Kathryn Trueblood's Novel The Baby Lottery
by Kate Hopper
Kathryn Trueblood's second novel, The Baby Lottery, tackles a divisive issue: second-trimester abortion. It's a topic that makes many Americans raise their voices and sling one-liners, and it's a topic most often presented as black and white—either you are pro-choice or pro-life, period. This polarizing debate leaves little room for ambivalence, for the complicated human emotions and experiences that often accompany the difficult decisions we make about when and whether to have children. In her latest novel, Kathryn Trueblood makes room for the ambivalence that many women feel about abortion by giving voice to the mixed emotions surrounding the issue.
The Baby Lottery is a novel about five women, old college friends now in their late thirties, who find their interlocking relationships strained when one of them decides to have a second-trimester abortion after delaying the decision in the hope that her husband will change his mind. The novel records the voices of her four friends as they struggle to bridge the gap between what they should feel and what they do feel. The women—Nan, an obstetric nurse; Tasi, a public relations writer; Jean, a former social worker; and Virginia, a state college professor—tackle issues of pregnancy vs. abortion, marriage vs. divorce, and career vs. motherhood as they react to their friend Charlotte's decision to terminate her pregnancy.
Each of Charlotte's four friends take turns narrating the novel in alternating chapters, a structure that allows Trueblood to capture a range of emotions and perspectives about abortion. "This structure allowed me to present multiple, disparate perspectives and not settle on one attitude as the correct one," said Trueblood. "People are complicated and passionate, and I wanted each character to be as compelling as the next. My hope is that you will identify and sympathize with each of the characters and that your sympathies will shift."
Your sympathies do shift as you read The Baby Lottery because Trueblood has created complex, complicated characters. Jean, who struggled with infertility for years and is recently divorced from her husband, is very angry Charlotte for having an abortion. Nan, whose mother was an obstetric nurse and whose father was part of the Clergy Consultation Service, helping women obtain illegal abortions before Roe v. Wade, tries not to pass judgment on Charlotte. At the same time, she wishes Charlotte would have made her decision to terminate the pregnancy earlier. Virginia, a mother to a five-year old and recently separated from her husband, is trying to juggle teaching and writing and parenthood, and she finds she has little sympathy left for Charlotte.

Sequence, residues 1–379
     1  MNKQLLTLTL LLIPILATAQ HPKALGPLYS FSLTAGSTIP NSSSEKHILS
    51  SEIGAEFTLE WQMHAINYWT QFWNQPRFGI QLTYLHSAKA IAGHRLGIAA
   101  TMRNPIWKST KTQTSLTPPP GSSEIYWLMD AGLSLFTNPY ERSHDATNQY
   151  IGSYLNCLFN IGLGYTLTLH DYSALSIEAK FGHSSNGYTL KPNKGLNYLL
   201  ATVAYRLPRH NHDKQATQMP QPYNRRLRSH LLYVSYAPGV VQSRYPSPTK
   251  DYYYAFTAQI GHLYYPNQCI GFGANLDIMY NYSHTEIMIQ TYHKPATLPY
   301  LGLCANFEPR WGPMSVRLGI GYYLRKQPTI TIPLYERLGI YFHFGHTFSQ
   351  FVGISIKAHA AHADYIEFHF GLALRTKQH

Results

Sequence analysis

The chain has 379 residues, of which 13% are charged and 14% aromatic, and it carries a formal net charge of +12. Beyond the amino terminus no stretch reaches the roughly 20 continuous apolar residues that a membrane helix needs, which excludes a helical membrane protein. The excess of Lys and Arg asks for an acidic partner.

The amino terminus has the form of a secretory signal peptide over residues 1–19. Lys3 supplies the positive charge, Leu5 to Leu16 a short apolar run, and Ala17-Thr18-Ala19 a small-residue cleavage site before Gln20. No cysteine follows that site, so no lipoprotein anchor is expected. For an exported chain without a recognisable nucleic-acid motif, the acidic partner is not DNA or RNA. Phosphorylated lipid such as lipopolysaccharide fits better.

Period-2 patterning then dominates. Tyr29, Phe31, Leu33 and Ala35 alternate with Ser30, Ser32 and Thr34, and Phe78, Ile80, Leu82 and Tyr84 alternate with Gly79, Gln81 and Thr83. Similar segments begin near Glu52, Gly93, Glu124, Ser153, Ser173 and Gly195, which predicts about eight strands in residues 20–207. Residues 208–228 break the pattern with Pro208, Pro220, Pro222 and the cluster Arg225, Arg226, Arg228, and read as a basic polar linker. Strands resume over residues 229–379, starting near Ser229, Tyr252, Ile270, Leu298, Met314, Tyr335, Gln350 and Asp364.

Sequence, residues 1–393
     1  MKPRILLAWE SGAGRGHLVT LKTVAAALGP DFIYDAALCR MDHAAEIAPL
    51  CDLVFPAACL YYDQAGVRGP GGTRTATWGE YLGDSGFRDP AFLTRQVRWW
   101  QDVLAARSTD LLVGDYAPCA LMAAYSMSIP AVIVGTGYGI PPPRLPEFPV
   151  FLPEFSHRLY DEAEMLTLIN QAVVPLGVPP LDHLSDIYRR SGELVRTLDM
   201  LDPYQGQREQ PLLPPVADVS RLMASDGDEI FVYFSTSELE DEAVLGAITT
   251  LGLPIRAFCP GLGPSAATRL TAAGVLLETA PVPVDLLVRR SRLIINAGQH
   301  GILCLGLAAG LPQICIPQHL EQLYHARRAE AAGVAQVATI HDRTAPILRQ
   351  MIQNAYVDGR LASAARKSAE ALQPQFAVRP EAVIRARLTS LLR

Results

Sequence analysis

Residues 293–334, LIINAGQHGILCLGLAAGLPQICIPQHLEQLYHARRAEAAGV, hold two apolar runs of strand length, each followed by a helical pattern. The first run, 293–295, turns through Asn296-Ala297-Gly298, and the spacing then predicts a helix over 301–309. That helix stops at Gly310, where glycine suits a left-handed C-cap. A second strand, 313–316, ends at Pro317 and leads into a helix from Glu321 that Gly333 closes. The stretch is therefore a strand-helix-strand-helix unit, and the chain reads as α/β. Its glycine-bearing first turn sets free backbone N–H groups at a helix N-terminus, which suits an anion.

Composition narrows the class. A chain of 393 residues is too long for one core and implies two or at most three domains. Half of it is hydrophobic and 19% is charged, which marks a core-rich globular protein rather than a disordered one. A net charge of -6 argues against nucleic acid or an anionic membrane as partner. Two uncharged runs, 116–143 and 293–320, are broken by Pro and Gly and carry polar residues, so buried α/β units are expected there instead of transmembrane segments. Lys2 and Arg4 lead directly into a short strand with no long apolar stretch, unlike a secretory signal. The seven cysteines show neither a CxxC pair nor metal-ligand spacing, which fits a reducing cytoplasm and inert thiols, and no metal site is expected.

Charlotte has one chapter in the novel, the only chapter told in the first person. "I did this," said Trueblood, "because Charlotte has no distance, no perspective on her own life, so it worked better in the first person. I think readers change their minds about Charlotte a number of times before they hear from her, and when they finally do hear from her, they feel sorry for her. Her behavior is so self-destructive."
Trueblood's desire to show a more complicated and personal side of the abortion debate stems in part from her father's experiences as an obstetrician. Prior to Roe v. Wade, he worked at Los Angeles County Hospital in the OB Infection Ward, where women with botched abortions ended up if they didn't die first. It was he who helped give Trueblood a solid background and understanding of reproductive justice. "Having reproductive rights means more than just having access to safe and legal abortions; it's about affordable childcare, fair parental leave policies, access to health care and insurance and adequate medical care," she said. "We've boiled it down to mean abortion, but it's about so much more than that. We need to start looking at all the social issues that affect women's reproductive choices."
The Baby Lottery also addresses many other issues that women in the United States face today: how to navigate friendship in the context of personal disappointment, how to live with the different choices we make throughout our lives, and how to balance work, raising children, and caring for ailing parents without losing ourselves completely. Kathryn Trueblood has proven that she is not afraid to jump into the cauldron. She is not afraid to write the hard stuff, and she refuses to reduce complex social issues to a black and white debate. I look forward to the next issue she decides to tackle.
Kate Hopper is a Minneapolis-based writer, teacher, and mother. She teaches "Mother Words" at the Loft Literary Center and blogs at Mother Words: Mothers Who Write.
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